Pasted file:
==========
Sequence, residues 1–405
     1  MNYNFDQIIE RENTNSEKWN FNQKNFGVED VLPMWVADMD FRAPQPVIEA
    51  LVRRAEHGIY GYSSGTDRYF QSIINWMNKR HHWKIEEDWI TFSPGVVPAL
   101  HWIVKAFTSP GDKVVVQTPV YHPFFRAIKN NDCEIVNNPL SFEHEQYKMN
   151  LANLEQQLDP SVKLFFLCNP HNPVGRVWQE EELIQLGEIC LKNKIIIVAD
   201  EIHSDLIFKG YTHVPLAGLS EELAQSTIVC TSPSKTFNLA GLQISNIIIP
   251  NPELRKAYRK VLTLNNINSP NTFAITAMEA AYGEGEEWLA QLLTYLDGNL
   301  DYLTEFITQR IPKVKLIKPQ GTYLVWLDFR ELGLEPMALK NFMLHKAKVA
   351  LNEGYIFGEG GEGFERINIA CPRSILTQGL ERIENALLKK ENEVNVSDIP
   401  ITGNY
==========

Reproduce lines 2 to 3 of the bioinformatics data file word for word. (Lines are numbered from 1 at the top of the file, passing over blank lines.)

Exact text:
     1  MNYNFDQIIE RENTNSEKWN FNQKNFGVED VLPMWVADMD FRAPQPVIEA
    51  LVRRAEHGIY GYSSGTDRYF QSIINWMNKR HHWKIEEDWI TFSPGVVPAL